Let's walk through it line by line (well, almost).
Any object must be equal to itself. This is just a shortcut that will prevent checking all fields if you're comparing an object to itself (as it's fields will be equal of course). This check can be skipped but is mostly included for (slightly) better speed.
Any object will never be equal to null. Pretty clear.
Now this is a bit interesting. Most people use the instanceof operator to determine if an object is an instance of the current class (e.g. obj instanceof Date). However, that may break the symmetry rule for Object.equals: if x.equals(y) then y.equals(x). An example using instanceof will show how this can be broken:
Now assume we have a Point p and a ColorPoint cp. Both have x == 0 and y == 0. cp has a red color. Now p.equals(cp) will return true -- cp is also a Point and has the same x and y values. However, cp.equals(p) will return false. Sure, the x and y values are the same, but p is not a ColorPoint.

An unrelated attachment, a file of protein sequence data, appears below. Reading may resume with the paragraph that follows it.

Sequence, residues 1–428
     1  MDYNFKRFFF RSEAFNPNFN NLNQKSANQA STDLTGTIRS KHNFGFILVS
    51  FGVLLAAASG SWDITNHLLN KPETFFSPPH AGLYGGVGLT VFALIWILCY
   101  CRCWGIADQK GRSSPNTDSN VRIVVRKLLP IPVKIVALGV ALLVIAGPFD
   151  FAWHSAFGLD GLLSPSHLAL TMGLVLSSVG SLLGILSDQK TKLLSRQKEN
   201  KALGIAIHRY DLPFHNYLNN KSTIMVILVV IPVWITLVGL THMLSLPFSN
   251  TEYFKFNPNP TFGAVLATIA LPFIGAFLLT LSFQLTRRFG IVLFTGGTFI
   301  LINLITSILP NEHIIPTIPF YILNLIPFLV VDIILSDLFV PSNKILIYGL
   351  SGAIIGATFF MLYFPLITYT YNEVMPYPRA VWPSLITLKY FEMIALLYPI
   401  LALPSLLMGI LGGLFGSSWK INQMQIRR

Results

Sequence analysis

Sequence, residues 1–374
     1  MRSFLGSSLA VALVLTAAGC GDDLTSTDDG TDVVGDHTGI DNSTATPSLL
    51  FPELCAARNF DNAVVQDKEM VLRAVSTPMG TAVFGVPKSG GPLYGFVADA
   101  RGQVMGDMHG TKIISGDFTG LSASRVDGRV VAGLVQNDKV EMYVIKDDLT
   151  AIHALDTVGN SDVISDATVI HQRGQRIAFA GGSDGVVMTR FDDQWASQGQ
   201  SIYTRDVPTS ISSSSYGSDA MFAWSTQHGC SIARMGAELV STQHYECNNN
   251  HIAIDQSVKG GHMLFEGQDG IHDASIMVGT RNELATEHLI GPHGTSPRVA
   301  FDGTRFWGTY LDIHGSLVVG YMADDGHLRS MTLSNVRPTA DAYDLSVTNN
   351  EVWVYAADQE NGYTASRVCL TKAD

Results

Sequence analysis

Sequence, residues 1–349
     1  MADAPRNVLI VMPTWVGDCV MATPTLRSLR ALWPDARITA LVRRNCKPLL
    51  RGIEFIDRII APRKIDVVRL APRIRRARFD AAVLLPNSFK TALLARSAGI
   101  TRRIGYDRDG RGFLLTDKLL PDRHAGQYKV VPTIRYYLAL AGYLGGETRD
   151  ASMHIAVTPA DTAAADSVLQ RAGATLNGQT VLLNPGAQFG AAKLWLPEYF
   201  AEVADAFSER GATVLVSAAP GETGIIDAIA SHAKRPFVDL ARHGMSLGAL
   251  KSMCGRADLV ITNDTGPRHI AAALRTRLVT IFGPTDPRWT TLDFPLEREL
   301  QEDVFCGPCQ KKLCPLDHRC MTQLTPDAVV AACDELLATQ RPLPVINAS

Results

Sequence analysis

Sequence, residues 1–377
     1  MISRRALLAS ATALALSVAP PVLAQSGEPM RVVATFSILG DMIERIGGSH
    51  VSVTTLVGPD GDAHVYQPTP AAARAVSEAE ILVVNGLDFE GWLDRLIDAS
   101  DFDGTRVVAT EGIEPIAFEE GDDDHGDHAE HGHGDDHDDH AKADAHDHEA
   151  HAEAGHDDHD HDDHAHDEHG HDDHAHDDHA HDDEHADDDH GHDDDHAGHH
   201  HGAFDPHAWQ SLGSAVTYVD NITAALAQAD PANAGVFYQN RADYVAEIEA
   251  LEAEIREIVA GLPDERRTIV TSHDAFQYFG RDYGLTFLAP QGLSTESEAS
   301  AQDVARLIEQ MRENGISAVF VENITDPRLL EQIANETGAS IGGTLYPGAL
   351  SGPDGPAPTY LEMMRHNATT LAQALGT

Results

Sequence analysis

This is where the getClass() comparison comes in place. Even if you call getClass() inside Point.equals, it will return the Class object for ColorPoint if called in cp.equals(p).
In p.equals(cp) the check will be if Point.class == ColorPoint.class, which returns false. In cp.equals(p) the check will be if ColorPoint.class == Point.class, again false. So now p.equals(cp) and cp.equals(p) will both return false.

This is simple casting to the class and checking one field, which is allowed to be null. If getIdioma() returns null for both or they are equal the method will now return true; otherwise it will return false.

I have one suggestion though: either use the field (idIdioma) or the method (getIdIIdioma()), but not both. If a sub class overrides this method to return something else you have two different checks where there should be one.